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The Collegian

The Student News Site of Tarrant County College

The Collegian

The Student News Site of Tarrant County College

The Collegian

TCC board members speak up about salary increase from both sides of issue

The TCC board of trustees, which includes (clockwise from top left) Bill Greenhill, Conrad Heede, O.K. Carter, Louise Appleman, Kristin Vandergriff, Robyn Winnett and Gwendolyn Morrison, recently approved the new budget. Photo courtesy DeeDra Parish/The Collegian
The TCC board of trustees, which includes (clockwise from top left) Bill Greenhill, Conrad Heede, O.K. Carter, Louise Appleman, Kristin Vandergriff, Robyn Winnett and Gwendolyn Morrison, recently approved the new budget. Photo courtesy DeeDra Parish/The Collegian

By Kenney Kost/editor-in-chief

The TCC board of trustees, which includes (clockwise from top left) Bill Greenhill, Conrad Heede, O.K. Carter, Louise Appleman, Kristin Vandergriff, Robyn Winnett and Gwendolyn Morrison, recently approved the new budget. Photo courtesy DeeDra Parish/The CollegianOne million dollars separated two board members from the other four when it came to the newly approved budget.

President Louise Appleman said board members should vote how they feel on any issue. She felt like the increase was an investment.

“My personal view is that investing in our people — and that is everybody in the entire district — there is no better place to put our dollar,” she said. “I would rather take the money from a building, not to the detriment of the student, but sometimes investing in our people is the better return on student investment.”

The two members who opposed the increase were secretary O.K. Carter and assistant secretary Conrad Heede. Both said they were pleased with the budget overall but didn’t see the need for that large of an increase.

“TCC’s employees are already among the best paid of the top 10 Texas community colleges, and every dollar spent represents a dollar not available for something else,” Carter said. “To increase salaries while adding an additional 40 employees in what basically is a flat enrollment period did not seem prudent to me and further subtracts from the district’s ability to function as a pay-as-you-go institution for future big projects.”

Vice president Kristin Vandergriff said with the ever-evolving state of the classroom and the new technology entering the classrooms, faculty and staff are being asked to step up in a big way, so the increase is deserved.

“We have funded the infrastructure of TCCD in a robust way,” she said. “Not only are there demands academically with different teaching methods, technology and learning styles, students today have greater needs for services. Therefore, employees have to step up in different and important ways to ensure student success and positive experiences.”

Heede said he felt an increase was deserved to some degree. He said he was in favor of the proposed increase until it reached the 3.5 percent mark.

“I did vote against that extra half-percent, not because I don’t think they deserve to be paid well, but because I think they are paid well,” he said. “The extra half-percent represents an extra million dollars, and I would bet that our leadership could have found great things to do with that.”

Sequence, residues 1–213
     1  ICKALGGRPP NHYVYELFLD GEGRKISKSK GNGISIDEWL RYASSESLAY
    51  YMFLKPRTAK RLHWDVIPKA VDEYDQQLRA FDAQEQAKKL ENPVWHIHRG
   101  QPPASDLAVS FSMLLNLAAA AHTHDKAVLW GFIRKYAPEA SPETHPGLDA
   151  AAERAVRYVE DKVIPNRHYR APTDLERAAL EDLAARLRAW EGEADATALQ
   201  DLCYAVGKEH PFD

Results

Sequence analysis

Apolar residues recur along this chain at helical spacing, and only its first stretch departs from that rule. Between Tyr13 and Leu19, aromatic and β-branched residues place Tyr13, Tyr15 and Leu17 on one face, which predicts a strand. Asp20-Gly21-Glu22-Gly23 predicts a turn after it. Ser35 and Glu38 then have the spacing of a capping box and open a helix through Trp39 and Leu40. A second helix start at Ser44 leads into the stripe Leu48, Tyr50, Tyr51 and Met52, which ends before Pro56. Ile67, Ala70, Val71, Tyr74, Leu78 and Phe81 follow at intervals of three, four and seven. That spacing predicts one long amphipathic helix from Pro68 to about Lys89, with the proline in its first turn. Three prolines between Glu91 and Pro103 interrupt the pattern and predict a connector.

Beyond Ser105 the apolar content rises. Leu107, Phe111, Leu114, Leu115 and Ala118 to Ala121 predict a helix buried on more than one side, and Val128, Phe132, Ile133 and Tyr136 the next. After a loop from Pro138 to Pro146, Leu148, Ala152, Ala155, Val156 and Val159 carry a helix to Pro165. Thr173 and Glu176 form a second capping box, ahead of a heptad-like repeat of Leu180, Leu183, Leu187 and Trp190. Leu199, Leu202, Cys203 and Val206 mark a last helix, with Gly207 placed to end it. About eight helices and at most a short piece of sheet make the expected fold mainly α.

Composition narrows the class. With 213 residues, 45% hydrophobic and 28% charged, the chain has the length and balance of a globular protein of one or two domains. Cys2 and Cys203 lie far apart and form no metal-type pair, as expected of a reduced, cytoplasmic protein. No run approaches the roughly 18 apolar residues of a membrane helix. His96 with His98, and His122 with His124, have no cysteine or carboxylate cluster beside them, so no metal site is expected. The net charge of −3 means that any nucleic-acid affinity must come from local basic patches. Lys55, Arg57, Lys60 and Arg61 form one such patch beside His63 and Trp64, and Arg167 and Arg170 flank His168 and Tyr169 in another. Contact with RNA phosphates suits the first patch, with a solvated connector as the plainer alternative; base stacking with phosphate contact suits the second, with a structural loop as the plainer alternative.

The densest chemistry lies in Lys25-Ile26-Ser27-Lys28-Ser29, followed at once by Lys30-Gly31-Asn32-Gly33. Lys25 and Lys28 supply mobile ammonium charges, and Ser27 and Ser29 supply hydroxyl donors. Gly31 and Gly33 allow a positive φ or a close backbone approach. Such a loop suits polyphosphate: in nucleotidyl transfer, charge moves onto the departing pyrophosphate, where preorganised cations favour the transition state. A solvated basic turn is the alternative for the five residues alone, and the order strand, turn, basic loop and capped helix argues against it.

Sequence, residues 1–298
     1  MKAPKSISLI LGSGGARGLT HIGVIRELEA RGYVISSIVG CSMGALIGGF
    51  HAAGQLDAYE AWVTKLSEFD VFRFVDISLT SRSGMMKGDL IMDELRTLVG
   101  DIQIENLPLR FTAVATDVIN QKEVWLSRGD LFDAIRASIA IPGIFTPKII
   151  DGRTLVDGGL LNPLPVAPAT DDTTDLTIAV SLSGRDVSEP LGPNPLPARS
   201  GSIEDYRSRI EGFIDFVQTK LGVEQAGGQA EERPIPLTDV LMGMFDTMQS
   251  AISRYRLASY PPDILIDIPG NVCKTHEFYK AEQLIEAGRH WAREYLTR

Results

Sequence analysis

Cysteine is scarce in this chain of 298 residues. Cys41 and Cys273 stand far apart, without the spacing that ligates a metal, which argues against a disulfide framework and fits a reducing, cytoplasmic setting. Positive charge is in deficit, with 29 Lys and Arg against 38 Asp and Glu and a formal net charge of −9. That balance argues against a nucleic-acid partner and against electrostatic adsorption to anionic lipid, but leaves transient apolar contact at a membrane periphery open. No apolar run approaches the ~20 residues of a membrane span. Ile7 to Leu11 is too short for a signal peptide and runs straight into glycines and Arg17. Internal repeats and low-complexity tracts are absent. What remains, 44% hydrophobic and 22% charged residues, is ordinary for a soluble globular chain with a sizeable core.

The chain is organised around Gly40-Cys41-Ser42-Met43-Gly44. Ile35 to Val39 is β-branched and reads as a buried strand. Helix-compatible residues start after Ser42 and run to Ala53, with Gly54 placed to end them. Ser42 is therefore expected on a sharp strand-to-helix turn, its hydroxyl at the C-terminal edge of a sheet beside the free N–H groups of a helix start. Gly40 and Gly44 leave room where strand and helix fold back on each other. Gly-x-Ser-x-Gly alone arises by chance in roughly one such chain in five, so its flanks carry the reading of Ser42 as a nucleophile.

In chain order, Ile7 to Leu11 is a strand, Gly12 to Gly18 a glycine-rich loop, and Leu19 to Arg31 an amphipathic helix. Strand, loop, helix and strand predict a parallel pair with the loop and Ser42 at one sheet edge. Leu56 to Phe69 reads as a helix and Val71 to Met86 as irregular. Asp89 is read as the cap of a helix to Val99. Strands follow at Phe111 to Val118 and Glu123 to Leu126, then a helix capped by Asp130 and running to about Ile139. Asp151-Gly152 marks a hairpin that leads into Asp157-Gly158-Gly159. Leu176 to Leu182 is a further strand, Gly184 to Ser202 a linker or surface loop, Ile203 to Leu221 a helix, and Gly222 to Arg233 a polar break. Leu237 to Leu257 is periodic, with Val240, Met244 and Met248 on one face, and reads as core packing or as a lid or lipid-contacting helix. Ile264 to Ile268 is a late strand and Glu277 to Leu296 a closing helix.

Students’ academic and student life experiences depend on their interactions with professors, support staff and all other employees they come into contact with at TCC, Vandergriff said.

“Our employees can make or break a student experience,” she said. “I believe our faculty and staff have stepped up and ought to be validated with a salary increase.”

While the board ultimately voted unanimously to approve the budget, Carter said he questioned a few spending choices. The outsourcing of financial aid calls and verifications to EdFinancial and the contract extension with Sewell Advisory Services, a financial construction-consulting firm, Carter said, are costly services.

“Everybody wants to get a handle on financial aid,” he said. “We want those loans, grants and scholarships to be handled fairly and quickly. It takes enormous supervision. I understand that but am disappointed that we seemed unable to efficiently handle the programs in-house.”

He expressed the same concerns with the Sewell contract saying, “The company does what we want it to do, but it costs a ton, and I don’t see why a lot of it can’t be done in-house.”

One item everyone seems to be happy with is the Alliance Learning Center soon to open at Alliance Airport as part of NW Campus’ aviation program. Heede said items like this help push the district closer to being a national leader in certain fields.

“I would like to see TCC as a leader, not only in aviation, but also in transportation, and this is a step in that direction,” he said. “I feel this is the start of something special for TCC. The impact TCC has on the community is tremendous, and that is a story that needs to be told.”

Carter agreed.

“Students are lucky in that this is really an elite community college by virtually any standard, and the budget supports that status,” he said.

 

 
 
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